Album: A Thirst for Summer Rain
Genre: Ambient Black Metal
Release Date: August 26th, 2022
For Fans Of: Summoning, Midnight Odyssey, Burzum
Similar to the tale told in my last review, I discovered Lustre several years ago thanks to a Youtube suggestion, this time courtesy of CountBlagorath. I was chasing any and all black metal recommendations, trying to learn as much as I could about this subgenre I had previously ignored. If I remember correctly, it was an end-of-year favorites video, and CountBlagorath mentioned that Blossom by Lustre was among his favorites of 2015. I promptly and saved the record, adding it to my listening rotation for later. As I was walking between college classes, I cued up the album, expecting a cascading wave of blast beats, tremolo picking, and screeching vocals. Instead, I was caught off guard with lush synths and gorgeous melodies that paired perfectly with the fresh snowfall and quiet atmosphere on that frigid Montana winter day.
At the risk of turning this review into one of those annoying internet recipes that tells you everything but the recipe, I feel the need to give context to my mindset while reviewing this album. I would consider Blossom as one of my favorite albums of all time, and Lustre remains in constant in my listening rotation. Without Lustre, I wouldn’t have discovered the likes of atmospheric black metal or dungeon synth until much later. All this to say, this review will not be objective (then again, what is objectivity when it comes to art?). This is from the perspective of a fan, who has and will continue to enjoy any musical output from this particular artist.
A Thirst For Summer Rain is the first Lustre album to be recorded, mixed, and mastered in a professional studio. It’s most notable when the the drums come in on the first track, with a punchy kick drum and a snare drum that sounds like a cannon. The guitars have much more body to them overall, and far more subtle details are more pronounced on the synths. I was initially caught off guard with the astounding change in production value to this album. Returning fans might feel the same way. After seven albums produced in the manner that they were, I became comfortable and simply associated that as part of Lustre’s sound. The weight of the drums and guitars still knocked me off balance, despite knowing it was coming (thanks to the promo kit). Once the initial shock wore off, I realized that from a compositional standpoint, it’s still very much Lustre. All the key components that I loved on previous albums are present on this one; gorgeous melodic themes explored slowly over eight-plus minutes, a simple drum pattern that stays out of the way, and layers of guitars and wordless vocals added for texture and atmosphere. The amount of detail that can now be heard is incredible. As the synth ripples, it’s bouncing between the left and right channels, subtle enough that it’s easy to miss. It becomes another layer to Lustre’s deceptively complex compositions. Counterpoint melodies weave in and out, rather than simply blending in. The hi-hat, guitars, and vocals can be heard distinct from one another, as opposed to washing each other out. It’s like looking at a picture of nature; you know how beautiful it is just looking at it, but seeing it in person is something else.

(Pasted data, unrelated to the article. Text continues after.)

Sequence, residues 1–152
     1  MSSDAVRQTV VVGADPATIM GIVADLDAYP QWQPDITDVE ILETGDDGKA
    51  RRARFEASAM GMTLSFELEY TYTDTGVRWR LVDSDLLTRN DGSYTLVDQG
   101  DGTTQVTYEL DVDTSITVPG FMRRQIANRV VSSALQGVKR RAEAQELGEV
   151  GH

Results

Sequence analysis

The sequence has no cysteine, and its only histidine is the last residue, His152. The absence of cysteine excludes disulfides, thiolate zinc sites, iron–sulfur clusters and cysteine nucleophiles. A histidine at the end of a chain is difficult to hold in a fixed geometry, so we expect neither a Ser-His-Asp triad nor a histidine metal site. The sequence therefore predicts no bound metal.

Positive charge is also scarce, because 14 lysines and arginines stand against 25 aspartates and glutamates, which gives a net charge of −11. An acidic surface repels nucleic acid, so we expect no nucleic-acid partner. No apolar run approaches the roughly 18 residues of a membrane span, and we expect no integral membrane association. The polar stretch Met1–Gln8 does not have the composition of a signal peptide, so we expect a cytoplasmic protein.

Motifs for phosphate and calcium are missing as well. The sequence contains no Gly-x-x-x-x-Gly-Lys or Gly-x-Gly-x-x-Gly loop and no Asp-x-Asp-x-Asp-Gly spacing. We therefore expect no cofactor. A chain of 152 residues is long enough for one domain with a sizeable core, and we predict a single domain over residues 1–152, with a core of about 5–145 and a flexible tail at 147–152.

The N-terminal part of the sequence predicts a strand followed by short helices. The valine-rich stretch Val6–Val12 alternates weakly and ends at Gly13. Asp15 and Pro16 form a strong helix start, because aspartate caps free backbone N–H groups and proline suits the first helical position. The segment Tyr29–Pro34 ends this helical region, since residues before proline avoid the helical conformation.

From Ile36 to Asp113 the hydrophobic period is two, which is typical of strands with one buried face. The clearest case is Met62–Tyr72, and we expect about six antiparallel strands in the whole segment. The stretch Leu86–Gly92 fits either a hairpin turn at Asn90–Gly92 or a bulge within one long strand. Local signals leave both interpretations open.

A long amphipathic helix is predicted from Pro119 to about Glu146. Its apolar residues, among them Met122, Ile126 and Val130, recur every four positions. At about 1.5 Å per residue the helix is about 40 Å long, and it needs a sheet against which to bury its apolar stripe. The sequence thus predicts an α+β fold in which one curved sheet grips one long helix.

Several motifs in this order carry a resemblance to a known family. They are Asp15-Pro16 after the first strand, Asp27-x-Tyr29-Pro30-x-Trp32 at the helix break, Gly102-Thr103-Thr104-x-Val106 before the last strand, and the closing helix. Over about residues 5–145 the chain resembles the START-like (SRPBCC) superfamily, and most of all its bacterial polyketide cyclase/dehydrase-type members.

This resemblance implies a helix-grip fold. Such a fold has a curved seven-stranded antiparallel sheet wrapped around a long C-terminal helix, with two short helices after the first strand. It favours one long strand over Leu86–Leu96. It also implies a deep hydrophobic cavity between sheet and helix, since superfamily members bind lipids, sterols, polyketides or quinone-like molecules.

A look at the album title and artwork give the impression of a more “positive” or “uplifting” type of sound. And that is relatively true. Lustre seems to be aiming for a contemplative and reflective direction. There is no hurry to end the song, or build to an epic climax, just walking around and seeing where it ends up. The occasional harsh vocals and guitar chords still add darker colors to it all, as if hope is possible, but it’s not always a clear picture.
A Thirst For Summer Rain is another excellent showcase of Lustre’s musical magnificence. A sonic tapestry woven with beauty, clarity, and grace. Its simplicity sits on a mountain of subtle complexity, each discovery increasing the appreciation of it all. An artist that is woefully underrated, perhaps this album and its upgraded production value will reach a wider audience and amaze more than just the likes of us.
Total Playing Time: 33:34
Starting his musical journey with Rush, Spenser has become an avid fan of metal and drumming. Other hobbies include reading and audio engineering. He can often be found reading some sort of fantasy novel.